The party’s perennial need is to craft an appeal well enough in tune to make a Conservative government the least-worst option at each election. To the deepest-dyed, such as the lady diner in the upper-crust Savoy Hotel in July 1945 as Labour swept to power, this is the natural order of things: “They’ve elected a Labour government, and the country will never stand for that!” But to intelligent Tories – and the old jibe “the stupid party” is mostly another anachronism – its naturalness could never be taken for granted. “If you do not give the people social reform, they are going to give you social revolution,” the young Conservative Quintin Hogg told parliament in 1943. It was a native version of Giuseppe Tomasi di Lampedusa’s maxim for wise conservatives in every age, “If we want things to stay as they are, things will have to change.”
Theresa May’s emergence as leader amid the post-referendum vacuum of June–July 2016 crystallised these differences. A chaotic Tory leadership battle sparked by Cameron’s instant resignation left the then home secretary as the only woman standing (alternatively, “the only adult in the room”). The entire process, with all its momentous implications for the party’s direction and profile, took three weeks. Labour’s transition from Ed Miliband to Jeremy Corbyn had lasted four months and resolved much less.
In many ways, these febrile weeks were the Tarzan account of Conservative regeneration made flesh: face reality, choose, discard, unite, look ahead, reach out, move on. They also followed a profound defeat for the very cause – Britain in Europe – closest to his heart. And they were to reveal Theresa May to be a far more formidable politician than anyone, including her colleagues, had anticipated.
A pattern of discordance between word and action was the least of it. In the battle over EU membership, which ended with a 52–48 per cent decision to leave, May had been a subdued voice for remaining. It was by embracing the winning cause in the aftermath with the customary zeal of the convert – “Brexit means Brexit” was her refrain – that she catapulted to the party leadership and thus to 10 Downing Street. In a landmark speech in late January, she advised her adopted side to be “magnanimous” towards defeated opponents. Weeks later, she cut Tarzan loose, a grating act even amid the then incessant Brexit din. Her unexpected calling of the general election, on 18 April, was another exercise in inconsistency, since she had reiterated over the previous nine months that she had no such plans.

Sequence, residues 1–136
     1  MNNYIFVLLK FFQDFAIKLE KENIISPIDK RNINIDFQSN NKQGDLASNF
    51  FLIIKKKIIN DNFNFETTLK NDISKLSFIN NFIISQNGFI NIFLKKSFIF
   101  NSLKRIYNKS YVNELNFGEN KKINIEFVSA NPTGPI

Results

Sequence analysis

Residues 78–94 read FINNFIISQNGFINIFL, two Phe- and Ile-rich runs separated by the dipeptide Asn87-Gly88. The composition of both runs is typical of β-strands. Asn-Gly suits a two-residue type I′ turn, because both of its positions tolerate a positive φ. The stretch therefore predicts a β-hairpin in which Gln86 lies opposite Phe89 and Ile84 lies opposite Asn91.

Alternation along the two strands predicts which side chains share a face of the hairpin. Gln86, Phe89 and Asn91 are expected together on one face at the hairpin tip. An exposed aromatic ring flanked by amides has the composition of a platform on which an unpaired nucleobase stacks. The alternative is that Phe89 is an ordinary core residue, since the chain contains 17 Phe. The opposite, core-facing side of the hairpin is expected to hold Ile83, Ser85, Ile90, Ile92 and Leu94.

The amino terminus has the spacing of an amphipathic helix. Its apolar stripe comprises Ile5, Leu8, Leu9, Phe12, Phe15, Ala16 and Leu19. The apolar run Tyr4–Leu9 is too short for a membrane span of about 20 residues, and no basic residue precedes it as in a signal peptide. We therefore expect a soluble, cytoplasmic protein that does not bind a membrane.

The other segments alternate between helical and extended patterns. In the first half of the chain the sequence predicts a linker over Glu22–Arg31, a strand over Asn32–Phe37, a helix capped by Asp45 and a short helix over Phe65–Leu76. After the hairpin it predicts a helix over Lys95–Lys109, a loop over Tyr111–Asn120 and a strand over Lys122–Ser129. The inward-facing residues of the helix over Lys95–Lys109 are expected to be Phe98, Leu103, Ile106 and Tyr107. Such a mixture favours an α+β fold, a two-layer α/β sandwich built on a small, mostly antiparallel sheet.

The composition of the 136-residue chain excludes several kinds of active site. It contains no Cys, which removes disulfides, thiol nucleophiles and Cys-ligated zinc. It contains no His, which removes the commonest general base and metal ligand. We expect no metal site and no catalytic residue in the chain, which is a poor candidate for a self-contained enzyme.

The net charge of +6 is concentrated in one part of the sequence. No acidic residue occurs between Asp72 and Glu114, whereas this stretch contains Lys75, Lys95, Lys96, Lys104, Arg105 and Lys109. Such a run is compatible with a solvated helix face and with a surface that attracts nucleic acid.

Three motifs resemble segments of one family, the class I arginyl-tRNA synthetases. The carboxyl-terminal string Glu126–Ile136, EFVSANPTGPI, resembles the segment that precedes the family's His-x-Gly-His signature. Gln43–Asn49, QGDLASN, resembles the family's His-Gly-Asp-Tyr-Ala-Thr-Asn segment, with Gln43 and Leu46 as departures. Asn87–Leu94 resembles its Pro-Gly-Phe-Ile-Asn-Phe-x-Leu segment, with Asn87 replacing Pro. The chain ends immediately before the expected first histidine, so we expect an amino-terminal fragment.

These decisions, however, do make sense as part of May’s two-for-one project to secure her authority and revamp the Conservative Party for another decade. Brexit, a maze-like legal and policy challenge in its own right, has become both an accessory to these other ends and indispensable to their fulfilment.
To put the same point in reverse, May is hitching the 2016 result to a domestic political agenda. That was always inevitable, since the Brexit option was also a pretext for millions of people to express collateral frustrations: with immigration, insecurity, static living standards, or lack of prospects. The vast job of unravelling the UK from the EU would in any case touch every significant policy area, including the now neuralgic relations between the UK’s four constituent nations – or five, if the city-state of London is taken into account. Given this labyrinthine context, May’s “only connect” attitude displays as much strategic nous as cynicism.
May calculates that Brexit is the people’s choice and has to be delivered. Heseltine and fellow big beasts of the political jungle, including former prime ministers John Major and Tony Blair, say it’s not so simple: opinions can change, and parliament must continue to have a decisive role. But for now, May has the power. She wants to use it to bind Brexit into her own comprehensive version of the Conservative future.
The shape of that version was drawn at the launch of the Conservative Party manifesto on 18 May. Significantly, it was held in Halifax, once a centre of west Yorkshire’s textile industry and now a marginal constituency where Labour had a majority of 428 in 2015. A sign of Tory ambition in this campaign is that the prime minister is visiting mainly Labour-held target seats. Two days earlier, Jeremy Corbyn had presented Labour’s manifesto to an excited crowd at Bradford University, six miles away, in the middle of a safe Labour seat, which matches exactly the touring schedule of “the rock star lecturer.”